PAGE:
Dropbox (NASDAQ:DBX) Posts Q1 Sales In Line With Estimates, Customer Growth Accelerates

Full Report / May 09, 2024

Cloud storage and e-signature company Dropbox (Nasdaq: DBX) reported results in line with analysts' expectations in Q1 CY2024, with revenue up 3.3% year on year to $631.3 million. It made a non-GAAP profit of $0.58 per share, improving from its profit of $0.42 per share in the same quarter last year.

Dropbox (DBX) Q1 CY2024 Highlights:

  • Revenue: $631.3 million vs analyst estimates of $628.6 million (small beat)
  • Operating profit (non-GAAP): $230.7 million vs analyst estimates of $207.0 million (11.4% beat)
  • EPS (non-GAAP): $0.58 vs analyst estimates of $0.50 (16.4% beat)
  • Guidance will be given on the earnings call
  • Gross Margin (GAAP): 83.2%, up from 80.9% in the same quarter last year
  • Free Cash Flow of $166.3 million, down 12.6% from the previous quarter
  • Customers: 18.16 million, up from 18.12 million in the previous quarter
  • Market Capitalization: $7.89 billion

Founded by the long-serving CEO Drew Houston and Arash Ferdowsi in 2007, Dropbox (NASDAQ:DBX) provides a file hosting cloud platform that helps organizations collaborate and share documents.

Houston came up with the idea when he realised that he didn't have his work USB drive on him, while sitting on a bus to New York for a weekend. He saw that a shared folder on the cloud would remove the need for a physical drive and he started coding the product (for himself) while still on the bus. And so blossomed a passion for the file-sharing product, which he named Dropbox after the communal folder he and his friends would use during LAN parties, back in their teens. Today, over half a million organisations use Dropbox to securely store and collaborate on all manner of file types.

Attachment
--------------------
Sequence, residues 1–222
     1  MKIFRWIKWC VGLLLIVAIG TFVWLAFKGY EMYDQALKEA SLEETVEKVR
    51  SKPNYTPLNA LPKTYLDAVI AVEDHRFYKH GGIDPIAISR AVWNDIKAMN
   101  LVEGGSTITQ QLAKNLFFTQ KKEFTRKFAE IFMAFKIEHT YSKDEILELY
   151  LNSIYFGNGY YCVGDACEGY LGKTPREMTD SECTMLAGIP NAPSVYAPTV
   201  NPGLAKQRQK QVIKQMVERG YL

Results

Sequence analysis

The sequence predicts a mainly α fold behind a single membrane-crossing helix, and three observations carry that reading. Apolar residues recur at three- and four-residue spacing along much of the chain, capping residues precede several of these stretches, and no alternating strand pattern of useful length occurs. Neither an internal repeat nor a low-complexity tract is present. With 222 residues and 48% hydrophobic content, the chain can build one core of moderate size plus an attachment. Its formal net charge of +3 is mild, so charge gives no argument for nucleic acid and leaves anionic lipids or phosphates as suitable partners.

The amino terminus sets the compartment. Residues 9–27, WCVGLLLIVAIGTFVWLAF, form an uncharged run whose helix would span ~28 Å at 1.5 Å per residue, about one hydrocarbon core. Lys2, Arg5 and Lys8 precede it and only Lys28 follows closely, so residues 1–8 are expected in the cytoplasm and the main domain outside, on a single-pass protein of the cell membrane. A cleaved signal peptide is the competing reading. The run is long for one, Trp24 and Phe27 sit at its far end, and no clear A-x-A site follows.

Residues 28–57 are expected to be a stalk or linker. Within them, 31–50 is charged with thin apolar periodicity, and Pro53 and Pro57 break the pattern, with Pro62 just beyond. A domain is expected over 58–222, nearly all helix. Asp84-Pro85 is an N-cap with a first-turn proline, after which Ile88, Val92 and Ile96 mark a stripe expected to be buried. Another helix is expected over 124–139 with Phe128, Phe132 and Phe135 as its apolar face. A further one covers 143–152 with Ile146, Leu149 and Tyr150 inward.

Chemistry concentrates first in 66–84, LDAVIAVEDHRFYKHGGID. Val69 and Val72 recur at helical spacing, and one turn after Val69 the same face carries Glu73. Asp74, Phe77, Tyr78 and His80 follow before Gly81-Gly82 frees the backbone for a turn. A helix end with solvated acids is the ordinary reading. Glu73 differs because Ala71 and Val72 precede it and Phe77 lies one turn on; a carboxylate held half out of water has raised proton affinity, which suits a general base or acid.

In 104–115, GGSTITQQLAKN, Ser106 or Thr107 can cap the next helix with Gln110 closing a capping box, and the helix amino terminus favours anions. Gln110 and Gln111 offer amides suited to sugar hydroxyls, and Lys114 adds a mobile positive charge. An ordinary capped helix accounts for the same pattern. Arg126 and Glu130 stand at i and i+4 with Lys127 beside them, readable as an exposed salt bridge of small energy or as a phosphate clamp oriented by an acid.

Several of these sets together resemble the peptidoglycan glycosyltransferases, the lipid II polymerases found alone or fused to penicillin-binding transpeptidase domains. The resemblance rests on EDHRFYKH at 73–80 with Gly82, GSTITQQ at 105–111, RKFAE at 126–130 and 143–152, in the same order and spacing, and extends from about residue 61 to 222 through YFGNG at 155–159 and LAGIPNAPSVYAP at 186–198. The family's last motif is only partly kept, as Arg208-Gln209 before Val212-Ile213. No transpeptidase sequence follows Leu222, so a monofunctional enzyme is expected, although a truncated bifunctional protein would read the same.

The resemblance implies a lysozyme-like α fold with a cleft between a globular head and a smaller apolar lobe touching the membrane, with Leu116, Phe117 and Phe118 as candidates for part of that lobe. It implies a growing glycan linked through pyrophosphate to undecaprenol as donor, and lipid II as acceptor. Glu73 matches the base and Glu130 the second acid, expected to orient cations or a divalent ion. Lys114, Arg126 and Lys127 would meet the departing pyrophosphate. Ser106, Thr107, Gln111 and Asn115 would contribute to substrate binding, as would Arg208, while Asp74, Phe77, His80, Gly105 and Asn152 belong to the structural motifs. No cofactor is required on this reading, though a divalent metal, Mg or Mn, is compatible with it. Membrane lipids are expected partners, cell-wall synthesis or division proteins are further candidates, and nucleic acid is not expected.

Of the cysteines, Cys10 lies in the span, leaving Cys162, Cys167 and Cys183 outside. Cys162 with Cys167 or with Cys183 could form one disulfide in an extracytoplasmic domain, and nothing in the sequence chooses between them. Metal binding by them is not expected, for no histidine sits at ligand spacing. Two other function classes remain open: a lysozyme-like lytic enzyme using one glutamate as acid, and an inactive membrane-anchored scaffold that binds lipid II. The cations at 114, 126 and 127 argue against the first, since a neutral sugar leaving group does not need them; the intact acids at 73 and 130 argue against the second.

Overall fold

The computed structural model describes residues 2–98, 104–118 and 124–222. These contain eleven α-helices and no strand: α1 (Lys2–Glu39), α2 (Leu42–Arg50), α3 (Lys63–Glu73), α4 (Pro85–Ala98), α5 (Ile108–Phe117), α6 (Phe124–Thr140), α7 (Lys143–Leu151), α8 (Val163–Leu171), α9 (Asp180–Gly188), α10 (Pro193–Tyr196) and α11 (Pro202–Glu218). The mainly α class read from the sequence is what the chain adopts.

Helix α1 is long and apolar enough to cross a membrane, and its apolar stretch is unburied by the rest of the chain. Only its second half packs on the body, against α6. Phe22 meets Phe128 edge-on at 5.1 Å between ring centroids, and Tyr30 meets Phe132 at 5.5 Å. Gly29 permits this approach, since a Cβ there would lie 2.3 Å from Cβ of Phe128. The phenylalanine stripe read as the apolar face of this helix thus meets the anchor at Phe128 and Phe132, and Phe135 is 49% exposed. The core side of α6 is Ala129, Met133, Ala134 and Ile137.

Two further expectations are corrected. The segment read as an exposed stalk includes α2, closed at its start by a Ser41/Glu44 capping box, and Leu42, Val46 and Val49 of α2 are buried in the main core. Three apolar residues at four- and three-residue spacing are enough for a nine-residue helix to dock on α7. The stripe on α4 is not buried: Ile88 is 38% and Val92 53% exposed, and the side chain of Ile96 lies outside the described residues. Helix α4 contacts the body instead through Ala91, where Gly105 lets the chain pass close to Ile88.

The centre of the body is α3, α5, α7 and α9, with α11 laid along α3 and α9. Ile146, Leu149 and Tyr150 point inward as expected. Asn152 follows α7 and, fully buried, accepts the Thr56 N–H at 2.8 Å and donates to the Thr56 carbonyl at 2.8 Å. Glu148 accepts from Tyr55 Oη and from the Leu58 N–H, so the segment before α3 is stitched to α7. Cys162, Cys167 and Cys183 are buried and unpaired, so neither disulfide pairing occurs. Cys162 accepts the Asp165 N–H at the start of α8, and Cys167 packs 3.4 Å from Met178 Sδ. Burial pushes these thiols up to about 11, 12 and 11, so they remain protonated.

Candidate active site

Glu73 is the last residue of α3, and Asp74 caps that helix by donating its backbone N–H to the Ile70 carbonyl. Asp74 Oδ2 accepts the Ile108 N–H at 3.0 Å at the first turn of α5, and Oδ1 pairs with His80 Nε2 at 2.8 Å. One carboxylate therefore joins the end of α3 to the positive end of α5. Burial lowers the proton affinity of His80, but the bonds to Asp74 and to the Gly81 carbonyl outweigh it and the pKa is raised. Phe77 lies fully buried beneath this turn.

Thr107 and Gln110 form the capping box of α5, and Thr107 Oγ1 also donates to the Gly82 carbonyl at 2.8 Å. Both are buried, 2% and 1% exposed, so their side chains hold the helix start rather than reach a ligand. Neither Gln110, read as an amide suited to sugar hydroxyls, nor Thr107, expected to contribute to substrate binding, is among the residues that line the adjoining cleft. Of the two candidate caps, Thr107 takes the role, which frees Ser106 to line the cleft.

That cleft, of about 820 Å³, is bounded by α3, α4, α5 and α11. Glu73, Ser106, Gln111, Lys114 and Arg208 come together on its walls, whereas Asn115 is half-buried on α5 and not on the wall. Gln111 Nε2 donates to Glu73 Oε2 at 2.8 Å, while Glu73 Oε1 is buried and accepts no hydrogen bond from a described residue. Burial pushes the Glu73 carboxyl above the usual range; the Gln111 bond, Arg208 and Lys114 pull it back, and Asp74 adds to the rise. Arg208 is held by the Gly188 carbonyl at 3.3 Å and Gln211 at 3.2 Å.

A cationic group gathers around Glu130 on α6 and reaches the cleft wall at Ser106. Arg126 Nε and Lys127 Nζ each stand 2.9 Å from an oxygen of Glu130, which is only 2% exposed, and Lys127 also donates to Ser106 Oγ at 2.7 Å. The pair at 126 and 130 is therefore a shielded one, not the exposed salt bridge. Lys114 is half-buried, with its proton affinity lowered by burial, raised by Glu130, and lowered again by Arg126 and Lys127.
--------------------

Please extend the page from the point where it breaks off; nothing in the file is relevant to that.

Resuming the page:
From its inception, Dropbox saw viral growth because when one person used it to share a folder with another, the second person would have to create a dropbox account. From the early days, it was clear that Dropbox would face a crowded field, but by moving first and growing free users quickly, the company was able to become a trusted name in cloud storage. Since then, it has expanded into electronic signatures, but to this day organisations can sign up and try the solution for free, at least initially.

Document Management

The catch phrase "digital transformation" originally referred to the digitization of documents within enterprises. The growth of digital documents has spurred an explosion of collaboration within and between businesses, which in turn is driving the demand for e-signature and content management platforms.

Dropbox faces competition from large organizations that provide cloud content management solutions such as Microsoft (NASDAQ:MSFT), Alphabet (NASDAQ:GOOG) and Box (NYSE:BOX).

Sales Growth

As you can see below, Dropbox's revenue growth has been unremarkable over the last three years, growing from $511.6 million in Q1 2021 to $631.3 million this quarter.

Dropbox Total Revenue

Dropbox's quarterly revenue was only up 3.3% year on year, which might disappoint some shareholders. On top of that, the company's revenue actually decreased by $3.7 million in Q1 compared to the $2 million increase in Q4 CY2023.